Neil Rogers as Alfred Doolittle lands the extra comedic punch to this frequently funny musical as Eliza’s bawdy, money-grubbing, ne’er do well father. I only wished I could have heard every word clearly. Maybe his cockney accent was too good.

The ensemble as a whole, or in quartets, projects a crisp, well-blended, and pleasing sound, only occasionally failing to cleanly articulate a word or phrase. With Alan Lerner’s brilliant lyrics, catching every word matters. Nonetheless, the exhilarating and ambitious choreography by Megan Kelly brings the songs to thrilling life.

Rodney Dobbs’ sets, seamlessly changing throughout the production, take the audience from the elegant study of Professor Higgins to the gritty streets of London with equal authority.

Altogether, GSM’s My Fair Lady makes good on every front — story, setting, and music — above all, the music. For why else are we there but for the scores of timeless songs that come from Lerner and Loewe’s celebrated masterpiece? This great show, often referred to as the musical others are measured by, produced such memorable songs as “Wouldn’t It Be Loverly,” “With a Little Bit of Luck,” and “Get Me to the Church on Time,” in addition to those already mentioned. And music director Mark Mullino does a masterful job of keeping nearly a dozen musicians perfectly synced with the actors and sounding like a much larger orchestra.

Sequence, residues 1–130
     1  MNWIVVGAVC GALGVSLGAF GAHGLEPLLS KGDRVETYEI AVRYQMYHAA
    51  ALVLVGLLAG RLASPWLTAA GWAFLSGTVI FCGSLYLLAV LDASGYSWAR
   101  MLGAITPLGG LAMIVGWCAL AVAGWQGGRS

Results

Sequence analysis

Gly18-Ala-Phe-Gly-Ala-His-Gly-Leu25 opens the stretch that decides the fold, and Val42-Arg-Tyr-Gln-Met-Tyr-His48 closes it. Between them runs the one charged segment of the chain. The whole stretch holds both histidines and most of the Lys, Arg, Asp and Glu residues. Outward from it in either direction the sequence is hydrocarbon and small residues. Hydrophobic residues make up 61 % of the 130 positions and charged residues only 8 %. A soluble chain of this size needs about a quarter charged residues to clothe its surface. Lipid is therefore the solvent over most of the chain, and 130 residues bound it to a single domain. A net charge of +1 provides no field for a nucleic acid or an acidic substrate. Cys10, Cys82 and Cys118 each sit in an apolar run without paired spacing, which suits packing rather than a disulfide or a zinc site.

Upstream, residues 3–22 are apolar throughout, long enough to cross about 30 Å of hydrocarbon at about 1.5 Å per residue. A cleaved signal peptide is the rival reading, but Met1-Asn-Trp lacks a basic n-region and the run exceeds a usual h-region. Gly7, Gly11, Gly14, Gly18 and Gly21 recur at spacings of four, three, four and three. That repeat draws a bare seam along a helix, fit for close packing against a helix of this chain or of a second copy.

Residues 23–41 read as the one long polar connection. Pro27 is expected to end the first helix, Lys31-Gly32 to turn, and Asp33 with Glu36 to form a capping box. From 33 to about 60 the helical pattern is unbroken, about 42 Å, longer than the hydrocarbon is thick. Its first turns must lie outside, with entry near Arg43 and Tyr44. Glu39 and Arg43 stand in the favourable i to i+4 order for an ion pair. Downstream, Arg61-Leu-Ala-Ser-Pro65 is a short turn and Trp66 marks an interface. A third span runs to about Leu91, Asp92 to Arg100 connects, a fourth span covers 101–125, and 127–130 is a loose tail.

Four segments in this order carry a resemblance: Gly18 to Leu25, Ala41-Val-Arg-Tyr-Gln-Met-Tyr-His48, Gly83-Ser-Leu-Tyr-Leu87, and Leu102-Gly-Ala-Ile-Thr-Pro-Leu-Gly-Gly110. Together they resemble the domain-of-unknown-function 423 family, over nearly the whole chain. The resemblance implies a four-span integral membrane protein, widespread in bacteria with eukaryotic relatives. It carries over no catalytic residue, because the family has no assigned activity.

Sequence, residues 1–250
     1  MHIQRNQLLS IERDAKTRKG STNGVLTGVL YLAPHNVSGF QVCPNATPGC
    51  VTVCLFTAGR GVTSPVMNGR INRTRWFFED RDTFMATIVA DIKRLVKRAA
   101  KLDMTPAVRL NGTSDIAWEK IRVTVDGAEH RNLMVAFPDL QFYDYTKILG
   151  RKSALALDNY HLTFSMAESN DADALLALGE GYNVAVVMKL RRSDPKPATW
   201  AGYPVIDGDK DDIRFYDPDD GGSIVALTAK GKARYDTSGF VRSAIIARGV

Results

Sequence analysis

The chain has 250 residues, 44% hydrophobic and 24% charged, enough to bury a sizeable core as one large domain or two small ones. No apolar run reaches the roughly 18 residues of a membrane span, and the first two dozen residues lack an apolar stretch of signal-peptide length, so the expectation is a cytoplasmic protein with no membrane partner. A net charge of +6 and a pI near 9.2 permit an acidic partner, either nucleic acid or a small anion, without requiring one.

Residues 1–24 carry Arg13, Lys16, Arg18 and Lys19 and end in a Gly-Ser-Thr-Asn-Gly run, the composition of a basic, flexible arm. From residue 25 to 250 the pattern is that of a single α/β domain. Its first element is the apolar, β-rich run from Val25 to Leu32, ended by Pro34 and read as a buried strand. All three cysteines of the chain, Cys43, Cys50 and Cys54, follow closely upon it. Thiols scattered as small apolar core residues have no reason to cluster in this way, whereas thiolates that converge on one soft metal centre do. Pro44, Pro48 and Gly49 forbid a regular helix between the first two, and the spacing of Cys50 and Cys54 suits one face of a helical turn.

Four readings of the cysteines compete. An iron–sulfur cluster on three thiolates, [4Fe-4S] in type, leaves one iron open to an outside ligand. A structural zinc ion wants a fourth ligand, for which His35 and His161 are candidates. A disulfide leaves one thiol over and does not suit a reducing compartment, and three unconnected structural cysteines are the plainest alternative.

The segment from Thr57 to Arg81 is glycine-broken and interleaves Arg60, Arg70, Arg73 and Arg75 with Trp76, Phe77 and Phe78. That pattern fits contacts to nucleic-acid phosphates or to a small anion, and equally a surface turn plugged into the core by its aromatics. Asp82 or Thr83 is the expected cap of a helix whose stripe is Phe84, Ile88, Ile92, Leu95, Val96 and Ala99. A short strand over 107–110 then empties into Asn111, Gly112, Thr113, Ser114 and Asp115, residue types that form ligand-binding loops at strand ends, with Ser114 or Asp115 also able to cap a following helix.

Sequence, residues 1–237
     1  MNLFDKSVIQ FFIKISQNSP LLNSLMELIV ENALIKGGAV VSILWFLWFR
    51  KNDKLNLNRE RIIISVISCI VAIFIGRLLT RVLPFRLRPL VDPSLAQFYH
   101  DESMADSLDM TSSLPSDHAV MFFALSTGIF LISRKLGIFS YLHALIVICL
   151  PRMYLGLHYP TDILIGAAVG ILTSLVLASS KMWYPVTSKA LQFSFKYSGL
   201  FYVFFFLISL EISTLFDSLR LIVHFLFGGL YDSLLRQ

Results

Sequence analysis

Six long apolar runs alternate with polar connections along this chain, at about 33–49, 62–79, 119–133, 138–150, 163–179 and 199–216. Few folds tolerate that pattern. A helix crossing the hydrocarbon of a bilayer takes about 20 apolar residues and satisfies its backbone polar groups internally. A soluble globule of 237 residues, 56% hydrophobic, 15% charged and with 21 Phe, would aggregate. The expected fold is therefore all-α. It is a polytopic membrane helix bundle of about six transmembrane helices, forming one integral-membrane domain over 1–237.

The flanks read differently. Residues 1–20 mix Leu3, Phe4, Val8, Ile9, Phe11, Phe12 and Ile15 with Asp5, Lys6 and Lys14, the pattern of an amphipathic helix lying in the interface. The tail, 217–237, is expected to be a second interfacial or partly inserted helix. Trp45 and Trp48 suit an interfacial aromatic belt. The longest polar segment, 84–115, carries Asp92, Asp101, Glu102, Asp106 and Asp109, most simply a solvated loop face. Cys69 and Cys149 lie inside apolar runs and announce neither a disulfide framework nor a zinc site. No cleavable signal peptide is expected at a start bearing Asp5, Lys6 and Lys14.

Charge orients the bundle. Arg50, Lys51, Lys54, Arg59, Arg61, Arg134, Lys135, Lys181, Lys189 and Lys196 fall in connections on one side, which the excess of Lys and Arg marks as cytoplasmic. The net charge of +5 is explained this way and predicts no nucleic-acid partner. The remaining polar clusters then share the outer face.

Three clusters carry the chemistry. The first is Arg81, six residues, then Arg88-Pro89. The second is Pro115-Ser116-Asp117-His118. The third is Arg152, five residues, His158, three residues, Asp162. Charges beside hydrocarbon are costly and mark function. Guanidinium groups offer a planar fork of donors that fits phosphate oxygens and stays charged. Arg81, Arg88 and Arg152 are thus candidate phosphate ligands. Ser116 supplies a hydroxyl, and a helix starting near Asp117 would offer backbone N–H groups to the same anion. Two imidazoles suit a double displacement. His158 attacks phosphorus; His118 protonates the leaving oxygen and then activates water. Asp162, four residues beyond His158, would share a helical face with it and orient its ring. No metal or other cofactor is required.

Director Michael Serrecchia should be proud of this work. And we shouldn’t be surprised. His theatrical career includes Broadway musicals, films, and TV productions. He’s also won a slew of awards, including a New York Drama Desk Award, the New York Theatre World Award, and a Special Tony Award Recognition.

Celebrating its 36th season, the Garland Summer Musicals has clearly established a reputation for staging successful productions. My Fair Lady is no exception. You’ll see. Just you wait.

My Fair Lady
Brownlee Auditorium, Granville Arts Center, Garland, Texas
June 15 – June 24, 2018